The planning phase is conducted at the enterprise, organizational unit, or program levels for one or more projects depending upon size and complexity. However, each application system and related databases and technical infrastructure is delivered through a project with distinct analysis, design, construction, and implementation phases. Each phase always begins with a detailed planning activity to ensure that resources are allocated appropriately. The work breakdown structure does not preclude the use of iterative methodologies within each phase for rapid application development and prototyping. Development, enhancement, and maintenance of websites can be very rapid, and heavily interactive with user involvement, when the appropriate tools are used.

Key questions and deliverables by information technology strategy project and downstream phases include:

Strategy project (enterprise and organizational unit levels):

Key questions:

  • How does information technology enable business strategy?
  • What are the investment priorities?

Deliverables include:

  • Information technology architecture (applications, data and databases, and technical infrastructure)
  • High level project phasing and plans

Planning phase (enterprise, organizational unit, and program levels):

Key questions:

  • What are the administrative functions’ systems and information needs?
  • What are the operational functions’ systems and information needs?
  • What are the priorities for the candidate analytical systems?
  • What are the priorities for the candidate operational systems?

Deliverables include:

  • Process models
  • Function models
  • Data models
  • Information models
  • Economic evaluation
  • Scope of analysis projects and schedules

Analysis phase (project level):

Key questions:

  • How do processes, functions, and systems fit together?
  • How do systems processes and functions relate to enterprise processes and functions?
  • How do systems processes and functions and enterprise processes and functions fit together?

Deliverables include:

  • Functional requirements
  • Economic evaluation
  • Scope of design projects and schedules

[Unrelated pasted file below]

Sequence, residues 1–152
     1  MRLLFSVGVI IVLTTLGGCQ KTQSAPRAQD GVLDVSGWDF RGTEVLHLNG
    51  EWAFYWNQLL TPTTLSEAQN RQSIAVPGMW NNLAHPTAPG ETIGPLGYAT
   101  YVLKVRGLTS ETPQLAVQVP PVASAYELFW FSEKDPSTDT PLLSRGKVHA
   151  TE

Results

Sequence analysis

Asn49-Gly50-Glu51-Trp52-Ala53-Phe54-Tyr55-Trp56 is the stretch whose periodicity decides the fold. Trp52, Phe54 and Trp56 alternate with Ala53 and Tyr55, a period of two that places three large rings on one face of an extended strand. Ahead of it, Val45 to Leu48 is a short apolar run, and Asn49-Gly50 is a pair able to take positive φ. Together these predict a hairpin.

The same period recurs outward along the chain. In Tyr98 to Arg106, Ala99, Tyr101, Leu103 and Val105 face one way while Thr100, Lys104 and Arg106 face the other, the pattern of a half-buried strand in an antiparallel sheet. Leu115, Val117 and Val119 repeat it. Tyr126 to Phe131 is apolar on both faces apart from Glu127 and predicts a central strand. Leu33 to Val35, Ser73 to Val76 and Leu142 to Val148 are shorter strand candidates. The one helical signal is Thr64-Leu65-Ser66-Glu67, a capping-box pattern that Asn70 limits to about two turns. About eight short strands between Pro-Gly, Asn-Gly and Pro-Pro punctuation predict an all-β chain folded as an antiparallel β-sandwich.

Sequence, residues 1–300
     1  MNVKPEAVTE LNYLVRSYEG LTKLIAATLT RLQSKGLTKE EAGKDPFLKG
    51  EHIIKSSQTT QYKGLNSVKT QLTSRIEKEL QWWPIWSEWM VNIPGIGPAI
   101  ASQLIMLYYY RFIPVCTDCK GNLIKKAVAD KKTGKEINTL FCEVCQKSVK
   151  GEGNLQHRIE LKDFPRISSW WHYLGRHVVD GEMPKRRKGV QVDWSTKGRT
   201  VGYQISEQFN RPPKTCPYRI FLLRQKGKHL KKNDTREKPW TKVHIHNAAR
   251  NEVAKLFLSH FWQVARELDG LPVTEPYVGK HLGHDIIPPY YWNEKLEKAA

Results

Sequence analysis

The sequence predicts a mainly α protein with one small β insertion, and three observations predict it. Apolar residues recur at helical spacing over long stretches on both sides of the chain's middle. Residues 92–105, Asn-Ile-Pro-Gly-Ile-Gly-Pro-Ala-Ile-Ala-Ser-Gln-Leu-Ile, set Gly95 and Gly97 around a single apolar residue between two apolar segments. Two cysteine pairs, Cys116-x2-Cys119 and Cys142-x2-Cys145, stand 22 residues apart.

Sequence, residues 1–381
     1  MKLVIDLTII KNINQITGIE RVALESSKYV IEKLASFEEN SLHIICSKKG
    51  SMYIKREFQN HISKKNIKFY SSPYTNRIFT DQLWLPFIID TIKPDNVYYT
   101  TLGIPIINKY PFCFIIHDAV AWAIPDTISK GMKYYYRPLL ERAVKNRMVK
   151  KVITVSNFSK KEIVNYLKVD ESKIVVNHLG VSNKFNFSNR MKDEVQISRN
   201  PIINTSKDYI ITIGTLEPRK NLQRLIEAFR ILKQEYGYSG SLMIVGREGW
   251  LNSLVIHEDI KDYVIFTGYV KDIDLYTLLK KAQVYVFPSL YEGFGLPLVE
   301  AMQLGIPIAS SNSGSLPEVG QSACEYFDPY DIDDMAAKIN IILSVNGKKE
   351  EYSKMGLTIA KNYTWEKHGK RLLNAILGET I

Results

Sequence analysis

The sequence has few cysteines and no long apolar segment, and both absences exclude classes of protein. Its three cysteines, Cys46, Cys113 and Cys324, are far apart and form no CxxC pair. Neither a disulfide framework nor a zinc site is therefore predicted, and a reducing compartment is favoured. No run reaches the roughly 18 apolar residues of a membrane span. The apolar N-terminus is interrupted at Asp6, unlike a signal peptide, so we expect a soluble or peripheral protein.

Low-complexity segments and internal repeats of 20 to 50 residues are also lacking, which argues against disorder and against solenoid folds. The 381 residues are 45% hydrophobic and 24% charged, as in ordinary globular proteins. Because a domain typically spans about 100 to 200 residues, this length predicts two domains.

Design phase (project level):

Key questions (by system):

  • What are the system’s functional requirements?
  • What are the system’s technical requirements?
  • What is the total cost of ownership and benefits (tangible and intangible)?

Deliverables include (by system):

  • Application system specifications
  • Data and database specifications
  • Technical infrastructure specifications
  • Scope of construction project and schedule
  • Total cost of ownership/benefit analysis

Construction phase (project level):

Key questions (by system):

  • Is the system being constructed according to design?
  • If not, what change orders are required, and why?

Deliverables include (by system):

  • Tested application system and interfaces, databases, and technical infrastructure
  • Trained users

Implementation phase (project level):

Key questions (by system):

  • What are the costs and schedule relative to plan?
  • What is the scope relative to plan?
  • What is the quality relative to plan
  • When will the benefits be realized relative to plan?
  • What adjustments for tuning, standardization, and integration are required relative to plan?
  • What are the current anticipated enhancement requests?
  • What are the current anticipated maintenance requests?
  • What are the lessons learned for the future?

Deliverables include (by system):

  • Working application system and interfaces, databases, and technical infrastructure
  • List of enhancement requests
  • List of maintenance requests
  • Performance measurement report

As enterprises become more dependent upon the internet for connectivity with constituencies, it is essential to develop, enhance, and maintain the information technology strategy on an ongoing basis. The strategy must emphasize connectivity through the data arteries as digital and information products become more pervasive.

Formulating information technology strategy is an enterpriship (entrepreneurship, leadership, and management) competency.